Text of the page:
You – The most important individual is YOU! You are the ultimate decider. It is your responsibility to understand all of your options, prepare for surgery and care for your new organ. Your transplant team will provide information, discuss your options, and answer your questions.
Friends/Family – These individuals are your support team and will help fill in any gaps in your care. They are also your best option for a living donor, although if they say no that doesn’t mean they love you any less or are a bad friend. Not everyone who cares about you will be able to be a donor for a variety of reasons and it is important to respect their choices and decisions.
Renal (Kidney) Healthcare Team
Doctors – Your team of doctors will consist of your primary care physician who will look after your general medical care and specialists such as your nephrologist that have responsibility for the overall care for your kidney disease. Your nephrologist in many cases will refer you to the transplant evaluation center, but others on your care team can also play a role in your referral and some places allow patients to refer themselves.
Nurses – Your nurses normally serve as your first point of contact for any questions about your care. They either know the answers to your questions or they can point you in the right direction. They can also be instrumental in helping you get a referral for a transplant evaluation.
Social worker – Your social worker is another player that can wear many hats. They can help provide you with information about a transplant, help find financial support and also help remove emotional stresses and burdens.
Dietitian/Nutritionist – These are the people that can help you get your diet on track to prepare for a transplant and help you stay healthy after your surgery. They are specialists that can help make a renal friendly diet that still takes your favorite foods into account.
Transplant Doctor/Surgeon – Once accepted into a transplant program, your transplant doctor will handle your medical care before and after your transplant. The transplant surgeon will determine if a transplant is best for you, handle the surgery itself and will also serve as an expert to help you understand the risks and benefits and care for your new organ.
Transplant Coordinator/Staff – These staff serve as a strong linkage between your pre-transplant care team and your new transplant team. As their name suggests they coordinate all of the activities surrounding your transplant. They are responsible for providing education, organizing your care, helping you schedule appointments, answer questions about the transplant and just help you through the entire process.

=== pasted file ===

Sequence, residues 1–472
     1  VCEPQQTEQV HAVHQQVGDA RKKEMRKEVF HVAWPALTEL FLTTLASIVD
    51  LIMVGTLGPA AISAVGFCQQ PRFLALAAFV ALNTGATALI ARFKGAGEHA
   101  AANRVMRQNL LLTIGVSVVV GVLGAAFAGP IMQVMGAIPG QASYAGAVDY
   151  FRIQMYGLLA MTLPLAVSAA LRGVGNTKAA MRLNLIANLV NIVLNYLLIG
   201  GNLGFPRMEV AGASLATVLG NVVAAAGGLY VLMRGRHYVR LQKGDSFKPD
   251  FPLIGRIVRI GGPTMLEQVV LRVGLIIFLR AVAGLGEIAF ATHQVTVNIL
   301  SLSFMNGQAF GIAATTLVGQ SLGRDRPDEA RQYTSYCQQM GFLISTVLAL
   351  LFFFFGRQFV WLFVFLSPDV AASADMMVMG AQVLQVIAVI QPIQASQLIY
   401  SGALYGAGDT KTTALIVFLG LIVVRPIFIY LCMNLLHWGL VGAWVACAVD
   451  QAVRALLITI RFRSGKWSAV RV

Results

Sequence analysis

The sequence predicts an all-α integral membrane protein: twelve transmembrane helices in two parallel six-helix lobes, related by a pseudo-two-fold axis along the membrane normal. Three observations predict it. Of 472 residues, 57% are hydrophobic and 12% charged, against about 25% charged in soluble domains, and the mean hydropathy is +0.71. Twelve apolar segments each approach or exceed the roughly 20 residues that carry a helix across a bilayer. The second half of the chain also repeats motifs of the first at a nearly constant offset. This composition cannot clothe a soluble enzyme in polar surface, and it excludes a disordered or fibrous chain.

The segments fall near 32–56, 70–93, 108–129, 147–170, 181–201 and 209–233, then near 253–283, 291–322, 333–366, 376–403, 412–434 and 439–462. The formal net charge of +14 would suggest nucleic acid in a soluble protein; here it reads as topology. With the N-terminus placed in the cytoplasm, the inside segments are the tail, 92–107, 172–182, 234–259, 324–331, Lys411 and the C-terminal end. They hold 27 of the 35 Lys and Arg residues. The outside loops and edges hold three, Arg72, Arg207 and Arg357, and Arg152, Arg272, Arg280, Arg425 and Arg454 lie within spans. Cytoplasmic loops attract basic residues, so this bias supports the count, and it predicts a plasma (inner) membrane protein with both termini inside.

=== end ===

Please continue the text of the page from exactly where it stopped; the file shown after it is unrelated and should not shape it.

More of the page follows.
Pharmacist(s) – Your pharmacist is another valuable resource in your care team. Not only do they dispense your prescriptions, but they can also help you understand side effects, any possible interactions with other medications or food and can work with your doctors to fine tune your medications.
Psychologist/Psychiatrist – These experts will help with the mental health side of your total body health. Mental health is sometimes not seen as that important by some people but it is a very important part of your being prepared for your transplant. Having a good positive mental outlook can dramatically improve your physical health. Not every facility will have an individual on staff nor will every patient need this resource but it can be helpful to see someone. Your transplant team will be able to refer you to a mental health specialist if it does not have one as part of its team.
Financial Adviser – This is the individual that will help you cover the money side of getting a transplant. They will work closely with other staff such as social workers to figure out if getting a transplant is a good option for you and how to best pay for that option. It is important to know that you will be able to afford the transplant medications so that you would not lose the kidney by not being able to take them.
By Harvey Mysel I’ve often been asked: “Where can I register to get a living donor?” Unlike deceased donation where there’s one national list, (although you can multi-list because some areas have a shorter wait [...]
By Jewel Edwards-Ashman I started the year 2020 anticipating that I’d enter kidney failure and have to undergo my second kidney transplant. But I didn’t expect to start doing home dialysis and eventually have transplant [...]
Dialysis patients who are considering whether to pursue a kidney transplant can check out a new resource to help them make that decision. The resource—a guide that was written by patients with End-Stage Renal Disease—provides [...]
By Elizabeth Steinberg Christofferson, PhD and Leah Grande, MA Preparing for and receiving a kidney transplant, especially during the COVID-19 pandemic, can be an uncertain and overwhelming process. This article discusses tips to promote [...]
New medical treatments and products are continually being developed for people living with kidney disease. Part of the development process for high quality, scientific, and safe options is through research to test the treatment or [...]
The U.S. Public Health Service (PHS) recently released the PHS Guideline for Solid Organ Donor Assessment for Human Immunodeficiency Virus (HIV), Hepatitis B Virus (HBV), and Hepatitis C Virus (HCV) Infection and Transplant Recipient Monitoring. [...]